And finally, of all things to say there is not sufficient evidence of discrimination? Even Ray Charles could see the shameful way they treat those they do not own. Conjuring this impossible justification…that there isn’t sufficient evidence to support this and every other painful and brutal discrimination complaint is like looking at a building engulfed in flames and asking “what fire” ??? It’s like being raped for a decade by a brutal captor, finally winning in a long and painful public court trial (while you can’t get work because of your Scarlett Letter), and then on appeal years later from a pre-decided Mad Hatter of a court asking you, the victim, to produce a video to prove that it ever happened. Forget the scars, bruises and painful clarity with which everyone knows that your story is simply 100% true, where is your proof dear Alice???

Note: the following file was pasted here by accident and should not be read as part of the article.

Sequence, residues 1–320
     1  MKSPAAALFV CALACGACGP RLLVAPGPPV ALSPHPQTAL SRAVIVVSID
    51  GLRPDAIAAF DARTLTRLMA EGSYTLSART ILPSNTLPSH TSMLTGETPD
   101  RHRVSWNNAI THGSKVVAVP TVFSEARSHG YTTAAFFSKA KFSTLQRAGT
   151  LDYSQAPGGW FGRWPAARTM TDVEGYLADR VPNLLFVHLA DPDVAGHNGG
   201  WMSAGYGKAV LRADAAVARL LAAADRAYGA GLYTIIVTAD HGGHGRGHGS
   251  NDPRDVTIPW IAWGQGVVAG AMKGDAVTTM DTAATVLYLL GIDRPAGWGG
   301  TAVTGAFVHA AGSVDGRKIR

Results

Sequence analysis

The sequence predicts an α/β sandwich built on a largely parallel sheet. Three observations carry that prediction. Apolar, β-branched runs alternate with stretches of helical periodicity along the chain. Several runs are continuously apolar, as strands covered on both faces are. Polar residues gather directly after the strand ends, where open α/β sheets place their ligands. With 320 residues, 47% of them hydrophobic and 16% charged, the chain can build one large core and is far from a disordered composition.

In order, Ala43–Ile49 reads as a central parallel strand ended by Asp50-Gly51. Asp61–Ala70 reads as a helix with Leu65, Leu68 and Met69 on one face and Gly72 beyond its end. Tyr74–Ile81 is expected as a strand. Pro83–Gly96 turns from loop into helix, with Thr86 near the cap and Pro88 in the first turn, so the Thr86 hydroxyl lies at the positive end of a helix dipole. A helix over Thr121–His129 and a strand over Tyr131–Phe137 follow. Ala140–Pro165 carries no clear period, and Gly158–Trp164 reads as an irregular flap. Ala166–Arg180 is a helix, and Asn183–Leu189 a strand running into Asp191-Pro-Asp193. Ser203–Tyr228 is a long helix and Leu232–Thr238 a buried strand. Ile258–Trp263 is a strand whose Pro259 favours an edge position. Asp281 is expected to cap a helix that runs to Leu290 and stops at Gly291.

Reading this email is like being raped through the looking glass. Read the whole thing here.
RAP SHEET ROLL CALL
* Eagles offensive lineman Jason Peters was arrested for drag racing in Monroe, Louisiana. Reports indicate that Peters’s opponent was lucky to have his woodscrews because, otherwise, his doors would have been blown completely off.
* Adam “Q-bert” Jones was charged with assault after allegedly punching a woman. Blows rained down on the woman as if they had been made to rain. As if they had been made to.
* Here is a college football player acting like Hacksaw Jim Duggan.
Soccer star Lionel Messi used the same trick as Apple to cut his tax bill [QZ]
Spanish prosecutor lodges 4-million euro tax fraud case against Lionel Messi [Edmonton Journal]
Tennis Channel CEO: Comcast Battle Like “Being Raped By Brutal Captor” [Deadspin]